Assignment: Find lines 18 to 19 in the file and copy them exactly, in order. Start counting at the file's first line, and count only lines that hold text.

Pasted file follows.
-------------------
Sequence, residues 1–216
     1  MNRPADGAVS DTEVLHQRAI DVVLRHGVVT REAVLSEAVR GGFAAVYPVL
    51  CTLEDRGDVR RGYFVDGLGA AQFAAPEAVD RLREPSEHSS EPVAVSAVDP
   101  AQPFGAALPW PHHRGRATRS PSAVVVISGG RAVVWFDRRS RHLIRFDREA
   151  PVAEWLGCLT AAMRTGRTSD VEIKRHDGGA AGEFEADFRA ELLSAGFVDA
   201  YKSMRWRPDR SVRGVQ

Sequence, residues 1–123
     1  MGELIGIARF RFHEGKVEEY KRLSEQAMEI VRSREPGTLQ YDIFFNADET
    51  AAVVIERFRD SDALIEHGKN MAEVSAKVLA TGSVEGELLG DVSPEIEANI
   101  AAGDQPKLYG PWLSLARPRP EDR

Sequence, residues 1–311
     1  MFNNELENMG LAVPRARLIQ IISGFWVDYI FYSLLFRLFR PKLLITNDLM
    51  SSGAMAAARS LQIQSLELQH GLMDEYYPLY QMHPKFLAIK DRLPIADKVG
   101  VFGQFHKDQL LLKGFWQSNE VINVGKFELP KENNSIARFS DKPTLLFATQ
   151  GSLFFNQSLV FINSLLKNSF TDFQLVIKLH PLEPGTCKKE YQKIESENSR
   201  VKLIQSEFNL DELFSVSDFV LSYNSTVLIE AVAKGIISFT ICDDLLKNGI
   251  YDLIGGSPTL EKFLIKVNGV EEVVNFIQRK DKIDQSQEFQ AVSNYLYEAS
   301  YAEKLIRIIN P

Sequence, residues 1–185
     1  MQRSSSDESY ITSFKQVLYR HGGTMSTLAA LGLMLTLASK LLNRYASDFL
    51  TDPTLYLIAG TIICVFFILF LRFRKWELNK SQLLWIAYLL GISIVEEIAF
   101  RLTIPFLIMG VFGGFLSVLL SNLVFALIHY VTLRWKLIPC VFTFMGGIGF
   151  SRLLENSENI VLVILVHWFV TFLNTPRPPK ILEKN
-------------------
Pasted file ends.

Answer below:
   301  YAEKLIRIIN P

Sequence, residues 1–185